Nothing against Rails, but there's a lot more to Ruby and the Ruby community than that one web framework.

        • by iluvcapra (782887)

          I know, I myself have written several tools in Ruby CLI and RubyCocoa for work and other things, but Rails is really how I, and a lot of people over the last few years have received their entre to the language.

          Rails it the reason there are now 6-odd OSS projects trying to speed up Ruby interpretation. For a long time Rails just couldn't compete on raw metrics with Python and PHP, but Rails was simply so much better from a developer workload standpoint, and its evangelist so much more organized, that now R

          • I know, I myself have written several tools in Ruby CLI and RubyCocoa for work and other things, but Rails is really how I, and a lot of people over the last few years have received their entre to the language.

            Rails was my introduction to Ruby, and the reason I hated it. Once I found learned about the language itself, it was the start of a new love.

            Just sayin', there are different experiences out there.

      • Re: (Score:1, Interesting)

        by Anonymous Coward

        It'd be good if you'd actually been familiar with Python before comparing the two.

        Pervasively object-oriented

        Like Python.

        with anonymous classes

        This is convenient, but it's nothing more than a convenience, and not one you have to use often.

        metaclasses

        Like Python.

        and proper private methods.

        Many Python programmers would probably consider this a bug, not a feature.

        1st-class blocks

        Here's something that's an actual, genuine advantage, and that I wish Python had.

        closures

        Like Python.

        continuations

        This is another act

      • Re: (Score:3, Informative)

        by DragonWriter (970822)

        Pervasively object-oriented, with anonymous classes, metaclasses and proper private methods. However, if your keyboard doesn't have a period, you could be convinced it pervasively functional, since it has 1st-class blocks, closures and continuations.

        Continuations have been removed from the core of Ruby, though they remain a library feature available with the main Ruby 1.9 implementation. They were removed for a number of reasons -- one is that no one was using them directly in production code (in part, that

  • Good News (Score:5, Insightful)

    by RAMMS+EIN (578166) on Sunday November 22, 2009 @11:28AM (#30194102) Homepage Journal

    I'm glad to see so much work is being done on Ruby, and especially that people are working on compiling Ruby to native code. Ruby is a great language, but there is no denying that the old implementation (MRI 1.8 and before) is dog slow.

  • by Anonymous Coward on Sunday November 22, 2009 @04:21PM (#30196402)

    This is an exciting time not only for Ruby, but for other dynamic languages as well, especially javascript and python.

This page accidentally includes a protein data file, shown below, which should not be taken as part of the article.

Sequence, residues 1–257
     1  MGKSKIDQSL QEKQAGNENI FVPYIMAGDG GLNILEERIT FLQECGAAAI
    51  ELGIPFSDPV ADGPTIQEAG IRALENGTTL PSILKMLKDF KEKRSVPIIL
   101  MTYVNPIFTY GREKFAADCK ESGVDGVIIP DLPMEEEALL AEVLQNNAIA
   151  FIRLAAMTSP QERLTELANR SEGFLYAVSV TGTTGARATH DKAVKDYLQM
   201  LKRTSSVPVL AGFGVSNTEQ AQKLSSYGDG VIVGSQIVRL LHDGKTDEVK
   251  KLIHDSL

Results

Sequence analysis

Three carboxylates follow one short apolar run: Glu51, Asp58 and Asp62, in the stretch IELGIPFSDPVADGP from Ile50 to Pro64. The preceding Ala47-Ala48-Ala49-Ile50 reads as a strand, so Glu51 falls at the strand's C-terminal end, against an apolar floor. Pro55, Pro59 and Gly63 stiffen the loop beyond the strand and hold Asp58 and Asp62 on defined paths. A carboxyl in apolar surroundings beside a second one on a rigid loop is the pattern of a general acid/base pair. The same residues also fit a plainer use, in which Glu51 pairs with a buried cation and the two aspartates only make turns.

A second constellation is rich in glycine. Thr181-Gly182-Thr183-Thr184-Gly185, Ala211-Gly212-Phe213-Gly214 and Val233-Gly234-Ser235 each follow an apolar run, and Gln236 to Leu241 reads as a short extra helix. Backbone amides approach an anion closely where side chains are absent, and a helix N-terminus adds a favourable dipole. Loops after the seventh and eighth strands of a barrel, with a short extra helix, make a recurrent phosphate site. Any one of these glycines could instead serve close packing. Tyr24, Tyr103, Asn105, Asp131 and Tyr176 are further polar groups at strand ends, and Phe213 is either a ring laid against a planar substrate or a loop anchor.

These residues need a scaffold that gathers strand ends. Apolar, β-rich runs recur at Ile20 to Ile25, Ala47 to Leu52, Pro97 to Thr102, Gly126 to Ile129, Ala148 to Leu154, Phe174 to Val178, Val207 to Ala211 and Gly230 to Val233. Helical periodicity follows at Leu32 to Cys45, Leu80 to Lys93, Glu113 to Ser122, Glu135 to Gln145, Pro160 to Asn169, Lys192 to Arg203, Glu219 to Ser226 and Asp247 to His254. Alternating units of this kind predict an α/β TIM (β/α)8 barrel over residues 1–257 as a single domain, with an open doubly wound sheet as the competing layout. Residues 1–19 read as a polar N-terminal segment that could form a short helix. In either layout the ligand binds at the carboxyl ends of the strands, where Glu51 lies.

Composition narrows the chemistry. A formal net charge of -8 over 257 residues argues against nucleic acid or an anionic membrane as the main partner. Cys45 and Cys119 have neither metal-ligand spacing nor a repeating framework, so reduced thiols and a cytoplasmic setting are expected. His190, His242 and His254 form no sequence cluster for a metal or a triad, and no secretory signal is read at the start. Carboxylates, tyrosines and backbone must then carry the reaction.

For example python has a number of different implementations on the works that are starting to show good results in performance improvements.
    Pypy (python in python) is already able to generate very fast numerical code, its JIT is making progress at good pace since the last months, and a new release is expected for the end of January.
    Unladen Swallow is a Google sponsored project which aims to speed up the current cpython implementation, by implementing a jit with llvm, amongst other modifications. Their goal is to speed up current applications used by google in a relatively short time (they don't want to mantain a python implementation forever, this is an incremental improvement of cpython), and they concentrate in web applications that use c extensions.
    Psyco, which is an extension module which speeds up python by a large margin and has been around for some years, has been revamped to version 2 and shows significant improvements as well.
    We can also mention Ironpython, the implementation of python in .NET which opened the door to IronRuby.
    And there are many other minor efforts and one-guy projects that may give us surprises in the near future. For example CrossTwine linker (for python and ruby), Hotpython ( a new virtual machine built from the ground up to be fast), etc, etc...

    As for javascript, those who thought it would be a dead language by now were plainly wrong. Google's V8 is a success and runs code at holy crap speed. Safari's Nitro followed suite.

  • What happened to Cardinal? The project that was aiming to have Ruby compile to Parrot bytecode and promised full Ruby Perl 6 interoperability?
    • by chromatic (9471)

      Cardinal still exists; it could use a couple of people concentrating on it.

      • Re: (Score:1, Interesting)

        by Anonymous Coward

        Let's translate that for everyone who doesn't speak the same language of bullshit that the Parroters all speak:

        "Cardinal is a dead project. You can find old, shitty code for it, but don't expect it to compile or do anything useful. Even a illiterate Republican from Arkansas could make a helpful contribution to this project."

        • Re: (Score:2, Informative)

          by chromatic (9471)

          Let's translate that....

          The dominant meaning of "translate" used by native English speakers generally implies some non-zero amount of veracity.

          Cardinal [github.com] hasn't had much activity in the last couple of months because there have been only a couple of people working on it lately, and one of them started a new job at the end of September.

          Even so, it exists, it passes tests, and it can interoperate in the same Parrot process with Perl 6 and Perl 5 code. (I suspect it can work with other Parrot-hosted languages

Never tell people how to do things. Tell them WHAT to do and they will surprise you with their ingenuity. -- Gen. George S. Patton, Jr.

Working...